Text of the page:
While widely accepted as a healthier alternative to traditional cigarettes, a major concern has risen regarding the use of e-cigarettes by youth, community members learned Monday night.

Interested residents and health officials attended an e- cigarette forum hosted by State Representative Josh Cutler, at the Senior Center to learn about electronic cigarettes and current local regulations that may be put in place regarding the sale of the e-cigarettes to minors.

Donald J. Wilson, director of tobacco control at the Massachusetts Municipal Association, and Patricia Henley, director community health in the Office of Tobacco Prevention for the Massachusetts Department of Public Health, held and open forum-style meeting as they presented e-cigarettes and the current push for better regulations regarding the use of the devices by minors.

Wilson said the Massachusetts Municipal Association is a nonprofit, nonpartisan trade association to which Duxbury belongs. Over his two decades working with the Department of Public Health, Wilson said the department has slowly been putting into place local regulations, through ordinances or bylaws, in cities in towns across the state to bet- ter regulate the cigarette, and more recently e-cigarette, in- dustry.

“It has been difficult over the years because the industry has morphed so quickly,” Wilson said. “Eight years ago, when e-cigarettes were first introduced, we were not wor- ried about youth use because we thought they were expensive enough that kids wouldn’t care about them.”

An e-cigarette is defined by the Massachusetts Municipal Association as “any electronic nicotine delivery product composed of a mouthpiece, heating element, battery and/or electronic circuits that provides a vapor of liquid nicotine to the user, or relies on vaporization of solid nicotine or any liquid.” E-cigarettes are currently not regulated on the federal or state level and there is no age restriction on e-cigarettes. Currently 113 towns in Massachusetts do not allow the sale of e-cigarettes to minors. Duxbury is not one of those towns.

Wilson brought several examples of e-cigarettes that are currently on the market. The types and styles of the e-cigarette varied from one that looked identical to a traditional cigarette and was plain or menthol flavored to ones that were colorful and strawberry or exotic blue mist flavored. As the industry has grown, products such as e-cigars or e-hookahs have also emerged.

“What we started seeing was that people will fill the empty cartridges with stuff you can buy online, in stores, or make at home,” Wilson said. “The three I bought online was Sweet Tart, Bazooka Bubblegum and Cotton Candy flavored.”

A current proposal by the Food and Drug Administration would ban sales to anyone under 18 and would require warning labels and FDA approval for new products.

Henley said one of the main things she is concerned about is youth access to the products.

“The fact that these products are now so much more readily available, come in bubblegum and sweet tart flavors and are very attractive to young people is a concern,”she said. “Young people don’t understand just how much nic- otine is in these products.”

Another concern surrounds “dual use” of these products. Dual use refers to youth who start using the e-cigarettes and then may also go on to use tobacco products. Henley said the lack of regulations for the nicotine liquid for the products presents many opportunities for nicotine poisoning both in adult users and unsuspecting children.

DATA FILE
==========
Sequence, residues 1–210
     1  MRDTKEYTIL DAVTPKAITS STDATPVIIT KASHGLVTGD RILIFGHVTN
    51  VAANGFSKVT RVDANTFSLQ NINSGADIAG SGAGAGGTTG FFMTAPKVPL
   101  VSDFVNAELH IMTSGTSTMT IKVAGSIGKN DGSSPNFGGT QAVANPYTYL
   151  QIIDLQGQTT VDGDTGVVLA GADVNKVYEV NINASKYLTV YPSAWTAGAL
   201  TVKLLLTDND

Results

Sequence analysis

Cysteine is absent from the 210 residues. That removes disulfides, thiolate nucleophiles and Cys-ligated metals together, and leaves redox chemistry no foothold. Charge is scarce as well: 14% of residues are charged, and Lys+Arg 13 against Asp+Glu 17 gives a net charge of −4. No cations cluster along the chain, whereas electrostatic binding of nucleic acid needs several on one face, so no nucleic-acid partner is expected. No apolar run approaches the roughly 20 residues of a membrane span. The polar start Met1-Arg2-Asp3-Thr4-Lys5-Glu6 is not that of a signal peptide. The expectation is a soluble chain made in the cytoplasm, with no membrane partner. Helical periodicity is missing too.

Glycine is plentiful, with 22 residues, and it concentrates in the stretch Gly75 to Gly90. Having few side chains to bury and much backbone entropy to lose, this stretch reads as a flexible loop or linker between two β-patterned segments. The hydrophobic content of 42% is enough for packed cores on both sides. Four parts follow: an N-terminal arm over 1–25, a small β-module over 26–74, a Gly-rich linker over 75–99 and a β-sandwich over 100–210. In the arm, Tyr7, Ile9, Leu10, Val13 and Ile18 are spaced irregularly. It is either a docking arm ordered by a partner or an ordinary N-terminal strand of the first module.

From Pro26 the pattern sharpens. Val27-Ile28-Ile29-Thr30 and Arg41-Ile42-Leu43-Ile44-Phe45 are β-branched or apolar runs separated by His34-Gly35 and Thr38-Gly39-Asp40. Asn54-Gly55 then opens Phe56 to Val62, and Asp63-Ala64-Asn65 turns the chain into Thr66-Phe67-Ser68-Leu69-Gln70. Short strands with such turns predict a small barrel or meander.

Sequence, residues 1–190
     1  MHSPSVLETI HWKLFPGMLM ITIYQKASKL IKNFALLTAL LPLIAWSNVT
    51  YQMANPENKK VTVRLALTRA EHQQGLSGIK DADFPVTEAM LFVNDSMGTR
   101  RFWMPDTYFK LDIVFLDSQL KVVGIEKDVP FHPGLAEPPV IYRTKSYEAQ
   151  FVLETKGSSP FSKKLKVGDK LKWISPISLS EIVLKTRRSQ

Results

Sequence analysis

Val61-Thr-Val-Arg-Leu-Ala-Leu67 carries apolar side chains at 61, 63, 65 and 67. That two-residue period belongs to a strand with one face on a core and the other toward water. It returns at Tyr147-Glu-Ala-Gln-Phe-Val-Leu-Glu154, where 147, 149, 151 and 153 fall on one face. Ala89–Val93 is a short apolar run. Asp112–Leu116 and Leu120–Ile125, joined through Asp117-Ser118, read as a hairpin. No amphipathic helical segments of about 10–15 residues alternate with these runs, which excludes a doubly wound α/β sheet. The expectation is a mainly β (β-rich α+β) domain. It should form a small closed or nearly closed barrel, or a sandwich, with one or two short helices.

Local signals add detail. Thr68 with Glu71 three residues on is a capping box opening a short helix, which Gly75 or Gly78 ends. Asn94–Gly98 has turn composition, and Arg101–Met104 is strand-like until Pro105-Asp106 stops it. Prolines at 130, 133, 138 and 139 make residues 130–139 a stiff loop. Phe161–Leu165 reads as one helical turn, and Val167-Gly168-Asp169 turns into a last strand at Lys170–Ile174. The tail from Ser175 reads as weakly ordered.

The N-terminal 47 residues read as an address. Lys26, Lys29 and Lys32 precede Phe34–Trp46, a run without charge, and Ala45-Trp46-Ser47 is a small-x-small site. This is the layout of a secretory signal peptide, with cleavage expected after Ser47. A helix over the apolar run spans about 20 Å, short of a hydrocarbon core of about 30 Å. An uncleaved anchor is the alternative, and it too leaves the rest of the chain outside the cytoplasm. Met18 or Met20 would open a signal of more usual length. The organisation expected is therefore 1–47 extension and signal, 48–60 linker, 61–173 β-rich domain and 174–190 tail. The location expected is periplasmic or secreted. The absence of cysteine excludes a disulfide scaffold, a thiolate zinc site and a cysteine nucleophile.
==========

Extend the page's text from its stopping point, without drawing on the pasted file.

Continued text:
Wilson said federal regulations would take at least two years to go into effect and recommended local action for Duxbury. There is currently a bill at the State House that would change the current wording of state tobacco sale regulations to include e-cigarettes. The bill would also add e-cigarette use to the smoke-free workplace ban.

While the jury is still out on whether e-cigarettes are successful tobacco cessation products, or products that help users stop smoking cigarettes, several community members in attendance said they or a family member has had success using the product as a tool to help quit using the tobacco products.

Leo Vercollone, who owns the Gulf station in Duxbury, sells e-cigarettes and tobacco at that and 24 others side across the state. He said he thought the dicussion was an important one because the technology is “so new and so innovative.”

“We certainly don’t want our youth trying this product,” he said. “It has to be age-regulated and flavor-regulated. There is no doubt.”

Sandy Wright, the Plymouth County Commissioner, expressed concern over the disposal of the e-cigarettes and nicotine liquid containers.

“In Bridgewater, where I am, we know that the college kids are not going to dispose of them the way they should and they are going to end up in our trash and what do we do then?” she said.

Wilson said he has not heard anything, other than anecdotally, about the negative effects of improper disposal. Henley said the Department of Environmental Protection is looking into proper disposal and is considering a proactive approach to disposal on the state level.

After the discussion, both Wilson and Henley encouraged audience members to get in touch with their state legislators to express their opinion on the topic.

“Our big concern is to not have a kid start on a Marlboro e-cigarette and then switch to a Marlboro cigarette,” Wilson said. “If model for e-cigarettes is to sell to smokers who want to wean themselves off in a couple of years, that is a great model. It’s a terrible business model because the industry does not want you to stop in two yeas. But we have a concern we don’t want 13-year- olds [using e-cigarettes] until the day they die.”